When you look at the dangers that police officers in the USA face, there are a number of factors that might suggest things are not nearly as dramatic as the steady output of Hollywood action movies may suggest. Line-of-duty deaths have decreased by 75% over the past fifty years, largely as a result of improvements in technology and training. It is also less likely to result in work-related deaths than the nation’s most hazardous career, logging, which has 97 deaths per 100,000 workers. There are also many other jobs it also ranks behind: fishermen, farmers, and pilots, to name a few, each of which have more than 20 deaths on the same scale. However, policing, with 13.8 deaths, is still far above the average rate of just 3.5. Also, given that roughly 21% of police staff are civilians, and another 26% are non-patrol officers, only half of these staff are exposed to the most dangerous situations, suggesting the rate for patrol officers would be significantly higher.
It is not simply the on-the-job dangers that have to be taken into account though. Some studies have found that policing is the profession with the highest level of suicide and others that the level is four times that experienced by firefighters. but this data is unclear and others have suggested it is not any higher than that of the general populace. Other studies have claimed it has the highest rates of PTSD, while another suggested that while roughly half the population experiences a major traumatic stressor event during their life, police experience up to three of these every six months, whether direct violence, dealing with dead bodies, or handling cases of spousal or child abuse.
The problem, of course, is that given the fact that some of these studies provide contradictory results, it is hard to factor them into our understanding of the application of violence. When you talk about the use of violence and its possible justification, there is little point in considering the working conditions of police staff filing papers, those who simply drive to and from Dunkin’ Donuts, or even the average officer walking a beat. You need to examine the actual conditions faced by the people who have been required to employ violence. As of October 15th 2002, 1004 people had been fatally shot by police in the USA during the previous year. The same database tracked a total of 5523 such shootings since January 1st 2015. In these incidents 63% of the victims also had guns (or replicas), 18% had knives, 9% had other weapons, 3% were driving vehicles, and just over 6% were unarmed. It should be clear that even in cases where suspects are unarmed they can still pose a significant threat to an officer’s life as thousands of people are beaten, or strangled to death each year. The data on common assaults against officers is very sparse and generally limited to incidents resulting in actual injury, even with those limitations the FBI received 50,212 reports of assaults against officers in 2015. The total violent interactions would be far higher, yet only a small amount of these turn deadly.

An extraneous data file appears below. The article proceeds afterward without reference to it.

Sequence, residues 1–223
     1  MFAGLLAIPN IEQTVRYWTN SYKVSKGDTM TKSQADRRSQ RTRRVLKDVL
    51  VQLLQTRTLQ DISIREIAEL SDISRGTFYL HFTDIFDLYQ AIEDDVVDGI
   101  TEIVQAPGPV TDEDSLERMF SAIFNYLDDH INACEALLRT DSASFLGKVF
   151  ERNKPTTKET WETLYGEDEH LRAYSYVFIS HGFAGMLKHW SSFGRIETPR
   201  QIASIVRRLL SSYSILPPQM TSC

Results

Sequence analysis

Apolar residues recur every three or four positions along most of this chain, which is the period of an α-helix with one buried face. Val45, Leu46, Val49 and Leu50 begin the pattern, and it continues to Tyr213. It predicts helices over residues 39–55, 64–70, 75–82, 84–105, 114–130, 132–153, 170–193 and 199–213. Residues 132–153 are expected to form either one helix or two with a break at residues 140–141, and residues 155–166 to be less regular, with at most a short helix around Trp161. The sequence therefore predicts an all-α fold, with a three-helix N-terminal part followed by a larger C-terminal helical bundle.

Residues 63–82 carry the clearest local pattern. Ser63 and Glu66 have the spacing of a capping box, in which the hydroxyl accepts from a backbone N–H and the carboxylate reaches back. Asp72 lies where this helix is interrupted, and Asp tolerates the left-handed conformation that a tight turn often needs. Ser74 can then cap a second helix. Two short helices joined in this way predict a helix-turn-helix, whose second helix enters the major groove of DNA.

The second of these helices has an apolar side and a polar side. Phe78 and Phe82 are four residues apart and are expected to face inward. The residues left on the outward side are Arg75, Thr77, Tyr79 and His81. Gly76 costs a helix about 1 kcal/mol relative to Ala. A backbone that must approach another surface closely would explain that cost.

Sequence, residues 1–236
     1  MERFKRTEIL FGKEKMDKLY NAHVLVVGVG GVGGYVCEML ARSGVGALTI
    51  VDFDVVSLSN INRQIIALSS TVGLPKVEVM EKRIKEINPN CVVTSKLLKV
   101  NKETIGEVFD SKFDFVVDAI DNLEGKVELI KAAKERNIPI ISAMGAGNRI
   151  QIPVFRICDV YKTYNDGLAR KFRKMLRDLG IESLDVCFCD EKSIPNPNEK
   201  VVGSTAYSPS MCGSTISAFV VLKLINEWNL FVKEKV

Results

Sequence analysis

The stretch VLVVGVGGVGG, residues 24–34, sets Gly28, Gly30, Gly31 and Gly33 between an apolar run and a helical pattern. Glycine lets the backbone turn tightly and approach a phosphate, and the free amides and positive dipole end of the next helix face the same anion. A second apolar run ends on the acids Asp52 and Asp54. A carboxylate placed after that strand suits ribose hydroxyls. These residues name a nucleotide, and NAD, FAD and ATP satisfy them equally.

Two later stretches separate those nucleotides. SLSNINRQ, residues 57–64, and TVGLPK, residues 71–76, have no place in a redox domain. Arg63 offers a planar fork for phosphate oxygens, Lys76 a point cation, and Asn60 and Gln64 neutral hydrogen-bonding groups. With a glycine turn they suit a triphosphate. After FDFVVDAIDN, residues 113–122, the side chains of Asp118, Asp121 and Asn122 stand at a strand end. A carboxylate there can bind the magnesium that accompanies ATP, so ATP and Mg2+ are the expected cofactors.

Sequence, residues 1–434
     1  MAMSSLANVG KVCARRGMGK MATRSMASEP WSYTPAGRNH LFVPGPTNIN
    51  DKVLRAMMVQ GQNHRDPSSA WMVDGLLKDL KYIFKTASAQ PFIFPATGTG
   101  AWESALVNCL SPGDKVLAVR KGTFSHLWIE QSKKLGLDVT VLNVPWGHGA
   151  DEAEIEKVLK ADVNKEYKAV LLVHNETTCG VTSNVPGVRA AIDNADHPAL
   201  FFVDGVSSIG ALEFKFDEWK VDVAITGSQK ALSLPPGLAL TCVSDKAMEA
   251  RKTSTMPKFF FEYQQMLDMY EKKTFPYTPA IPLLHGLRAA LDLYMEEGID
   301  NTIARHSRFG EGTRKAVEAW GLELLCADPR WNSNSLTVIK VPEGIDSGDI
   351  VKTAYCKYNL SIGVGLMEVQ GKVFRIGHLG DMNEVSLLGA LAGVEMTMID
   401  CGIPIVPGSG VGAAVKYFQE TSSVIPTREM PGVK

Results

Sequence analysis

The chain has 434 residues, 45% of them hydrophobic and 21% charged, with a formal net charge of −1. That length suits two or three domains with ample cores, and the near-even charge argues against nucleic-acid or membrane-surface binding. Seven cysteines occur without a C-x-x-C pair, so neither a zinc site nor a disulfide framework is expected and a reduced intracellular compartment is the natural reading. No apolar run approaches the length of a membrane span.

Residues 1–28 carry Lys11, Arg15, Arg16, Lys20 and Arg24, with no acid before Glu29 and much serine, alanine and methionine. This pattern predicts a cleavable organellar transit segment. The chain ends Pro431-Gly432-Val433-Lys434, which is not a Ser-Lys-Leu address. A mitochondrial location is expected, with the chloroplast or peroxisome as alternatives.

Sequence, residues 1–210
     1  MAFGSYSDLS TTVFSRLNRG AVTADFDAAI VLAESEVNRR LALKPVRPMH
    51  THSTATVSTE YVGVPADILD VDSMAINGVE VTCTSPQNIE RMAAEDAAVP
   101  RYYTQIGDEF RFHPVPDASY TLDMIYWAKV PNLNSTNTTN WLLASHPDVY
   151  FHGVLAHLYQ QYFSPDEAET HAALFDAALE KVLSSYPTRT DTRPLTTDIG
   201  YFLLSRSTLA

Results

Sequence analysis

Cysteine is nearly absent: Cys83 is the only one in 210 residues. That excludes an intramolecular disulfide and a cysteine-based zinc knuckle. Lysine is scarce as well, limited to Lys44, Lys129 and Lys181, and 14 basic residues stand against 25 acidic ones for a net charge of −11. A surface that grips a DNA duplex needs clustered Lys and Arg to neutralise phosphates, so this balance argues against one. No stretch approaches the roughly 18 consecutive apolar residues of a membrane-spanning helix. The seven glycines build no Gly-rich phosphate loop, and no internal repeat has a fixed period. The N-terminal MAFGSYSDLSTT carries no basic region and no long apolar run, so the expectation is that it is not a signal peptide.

The fact that few police are involved in incidents of deadly force make it all the more shocking when a normal, boring day suddenly changes to a matter of life and death. Police officers are trained to react to such situations in a way that civilians would have great difficulty in emulating and it is important to understand the conditions and speed at which they have to both react and make crucial decisions that might either save their life own life, or result in the loss of that of a citizen. The rest of this article will make extensive use of police bodycam footage to highlight this crucial contextual information. Some are graphic in nature.
In 2017 in Las Vegas two officers suddenly found themselves staring at a gun and one was shot in the chest during a routine traffic stop. The same year, two Pennsylvania troopers almost died when a man they pulled over for a DUI resisted arrest and pulled a gun from his car seat. One officer was hit four times. He was clinically dead when he reached the hospital but was later revived.
In 2018 a Los Angeles traffic stop again quickly turned deadly when a suspect went from polite conversation to attempted murder in a split-second. Also in 2018, in Denver two officers were flagged down by people telling them a man had pulled a gun in a crowded store and was waving it around. Again, the officers’ day goes, in seconds, from normal life to an exchange of gunfire.
More recently in September this year two Tulsa officers were shot in the head, one fatally, by another suspect in a traffic stop. In this case Twitter was very quickly filled with posts applauding the shooting of the officers. If anything, the officers’ primary fault was being too lenient with the suspect and not employing stronger force far sooner.
The Myths of Police Violence
Many people think they have a good understanding of what happens in police shootings because they’ve seen or read about so many fictional versions. Maybe they’ve even watched copious videos, like some of those linked here that display bodycam or dashcam footage of actual incidents. Even so, without actually studying the literature on policy use of force it is very easy to be left with only a limited grasp of all the factors at play.